o misspellings or poor grammar
o pop-up boxes
o attachments (NEVER open!)
• Do not click on e-mail links to access a company’s web site. Instead, type in the company’s URL in your browser window. Clicking on a link could direct you to a phony web site that tries to collect your personal data or install spyware on your system, which allows a hacker to monitor your actions and steal passwords and credit card numbers that you type online, or cause you to download a computer virus.
• Do not fill out forms that ask for personal financial information on unsecured web sites. To ensure that a web site is secure, meaning you are connected under the cloak of Secure Socket Layer technology, check to see if there is a padlock or key along the bottom of your browser's window. If the lock is closed or if the key is unbroken, you are dealing with a secure site. Additionally, check your browser: the URL on a secure site will begin with “https” (the “s” stands for “secure”).
• Ensure your browser is current and all applicable security patches are installed and running. In the unfortunate instance that you are the victim of identity theft or a phishing scam, report it immediately.
• Call the ID Theft Clearinghouse toll free at 877-438-4338 to report the theft.
• Contact the fraud departments of each of the credit agencies.
o Equifax, www.equifax.com
o Experian, www.edperian.com
o TransUnion, www.transunion.com
• Contact your bank and credit card companies immediately to stop access to your accounts.
• File a police report in the jurisdiction where the theft took place.
Why does Moon River Pearls need my personal information?
We use your name, e-mail address, phone number, mailing address and credit card information to process your orders. We do not store credit card data.
What is your credit card fraud policy?
In the unlikely event that you experience unauthorized use of your credit card, promptly report the fraudulent activity to your credit card company. Under the Fair Credit Billing Act, you are only liable for the first $50 of the fraudulent charges. Please check with your credit card company to verify specific terms and conditions.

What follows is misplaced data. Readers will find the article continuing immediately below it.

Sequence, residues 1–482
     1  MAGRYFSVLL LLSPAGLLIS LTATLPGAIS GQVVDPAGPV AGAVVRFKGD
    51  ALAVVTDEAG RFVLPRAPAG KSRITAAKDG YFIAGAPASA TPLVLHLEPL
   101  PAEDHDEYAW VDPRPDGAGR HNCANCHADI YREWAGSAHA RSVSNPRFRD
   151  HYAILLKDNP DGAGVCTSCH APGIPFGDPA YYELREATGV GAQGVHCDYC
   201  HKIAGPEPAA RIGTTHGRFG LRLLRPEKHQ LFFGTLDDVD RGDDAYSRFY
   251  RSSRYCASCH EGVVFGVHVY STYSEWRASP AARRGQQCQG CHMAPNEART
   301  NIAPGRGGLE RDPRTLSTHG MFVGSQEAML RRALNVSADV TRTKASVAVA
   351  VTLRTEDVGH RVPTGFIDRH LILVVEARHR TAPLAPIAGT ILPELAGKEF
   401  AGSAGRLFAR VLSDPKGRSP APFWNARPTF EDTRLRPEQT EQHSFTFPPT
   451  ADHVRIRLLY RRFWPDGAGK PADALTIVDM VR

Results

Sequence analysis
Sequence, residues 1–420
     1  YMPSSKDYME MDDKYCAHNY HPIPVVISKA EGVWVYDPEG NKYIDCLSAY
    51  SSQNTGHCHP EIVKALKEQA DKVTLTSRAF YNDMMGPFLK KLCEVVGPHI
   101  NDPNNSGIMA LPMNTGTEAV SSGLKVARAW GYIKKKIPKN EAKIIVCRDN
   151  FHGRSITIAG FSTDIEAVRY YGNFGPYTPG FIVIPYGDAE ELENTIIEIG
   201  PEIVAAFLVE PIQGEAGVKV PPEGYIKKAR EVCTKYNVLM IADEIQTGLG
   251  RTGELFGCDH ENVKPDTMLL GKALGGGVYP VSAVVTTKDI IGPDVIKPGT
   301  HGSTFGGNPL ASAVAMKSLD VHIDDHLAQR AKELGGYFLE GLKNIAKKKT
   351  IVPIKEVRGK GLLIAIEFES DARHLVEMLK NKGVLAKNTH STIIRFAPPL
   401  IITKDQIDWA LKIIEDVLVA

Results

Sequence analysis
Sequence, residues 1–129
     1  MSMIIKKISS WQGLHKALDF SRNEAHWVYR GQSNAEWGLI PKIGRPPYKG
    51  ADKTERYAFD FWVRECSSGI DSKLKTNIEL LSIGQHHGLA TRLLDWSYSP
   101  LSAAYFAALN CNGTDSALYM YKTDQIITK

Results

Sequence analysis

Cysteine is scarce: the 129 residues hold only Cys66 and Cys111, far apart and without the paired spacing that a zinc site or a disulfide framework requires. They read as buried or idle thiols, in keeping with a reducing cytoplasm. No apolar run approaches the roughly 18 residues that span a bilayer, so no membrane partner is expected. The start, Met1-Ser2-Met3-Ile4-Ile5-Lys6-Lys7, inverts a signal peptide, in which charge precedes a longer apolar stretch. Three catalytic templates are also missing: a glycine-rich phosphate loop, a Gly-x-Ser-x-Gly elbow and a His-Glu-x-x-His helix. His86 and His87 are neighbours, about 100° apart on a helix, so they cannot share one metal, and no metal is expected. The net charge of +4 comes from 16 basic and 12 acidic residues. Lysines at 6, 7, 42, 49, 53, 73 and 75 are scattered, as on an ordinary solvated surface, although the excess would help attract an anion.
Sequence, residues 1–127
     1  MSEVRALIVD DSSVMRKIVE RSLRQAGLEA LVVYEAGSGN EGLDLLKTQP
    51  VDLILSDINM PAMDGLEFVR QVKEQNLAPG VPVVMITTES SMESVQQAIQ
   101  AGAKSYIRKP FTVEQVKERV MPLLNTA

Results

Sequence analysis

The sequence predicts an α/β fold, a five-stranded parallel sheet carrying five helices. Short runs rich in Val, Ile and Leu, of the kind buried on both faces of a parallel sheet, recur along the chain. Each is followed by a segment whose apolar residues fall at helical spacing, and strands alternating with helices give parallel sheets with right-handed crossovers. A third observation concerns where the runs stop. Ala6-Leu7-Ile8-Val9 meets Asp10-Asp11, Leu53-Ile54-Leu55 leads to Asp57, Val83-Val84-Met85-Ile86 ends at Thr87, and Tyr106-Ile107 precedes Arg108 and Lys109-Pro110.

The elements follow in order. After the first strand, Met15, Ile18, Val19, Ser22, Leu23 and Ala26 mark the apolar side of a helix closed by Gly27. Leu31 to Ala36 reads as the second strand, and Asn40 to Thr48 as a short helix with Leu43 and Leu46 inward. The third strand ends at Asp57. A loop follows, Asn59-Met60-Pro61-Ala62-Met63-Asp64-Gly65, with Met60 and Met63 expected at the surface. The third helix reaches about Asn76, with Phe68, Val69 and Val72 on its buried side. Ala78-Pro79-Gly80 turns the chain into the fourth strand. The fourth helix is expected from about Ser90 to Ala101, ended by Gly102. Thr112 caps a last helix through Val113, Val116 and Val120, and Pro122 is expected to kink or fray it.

Will I receive e-mail from Moon River Pearls?
We only send information about our hot deals and specials to our customers who find it useful. You can opt-out of receiving future communications when you set up your account or by updating your account information. When you participate in a contest or survey, you also have the choice of opting out at that time.
How safe is it to shop online?
Today, the Internet is actually the safest way of doing business with your credit card. We have made it safer to use your credit card on our site than it is to use it in more traditional ways, such as in retail stores or restaurants.
What is SSL and how does it protect my privacy?
We use Secure Socket Layer (SSL) technology for mutual authentication, data encryption and data integrity—all to ensure secure transactions for our customers. SSL is the industry standard security protocol to encode sensitive information, such as your credit card number. SSL creates a shared digital key, which only lets the sender and the receiver of the transmission scramble or unscramble information. To everyone else, even the servers relaying the message, the SSL transmission is indecipherable. SSL encryption can only be broken by intercepting the encrypted message, recording it, and using a computer to try every possible combination until the key is cracked. Most keys range from 40 to 1,024 digits long...as you can imagine, the number of possible combinations can be into the billions and beyond!
What about encryption?
Encryption is based on the mathematical scrambling and unscrambling of messages. The type of encryption we use assigns two keys—one public and one private. When you send us a message, you use our public key to encrypt your message. Once we receive your encrypted message, we use the private key to decode it. The same key cannot both encrypt and decrypt information. So, information encrypted using the private key can only be decrypted using the public key, and vice versa—thus ensuring the security of your information.
I’ve heard a lot about Secure Sites. What does that mean?
Before completing any transaction on a website, you should make sure it is a Secure Site. Being on a Secure Site means you are connected under the cloak of SSL security. You can tell if you are on a Secure Site if you see a padlock or key somewhere along the bottom of your browser's window. If the lock is closed or if the key is unbroken, you are dealing with a Secure Site.
What are cookies and how do they affect my privacy?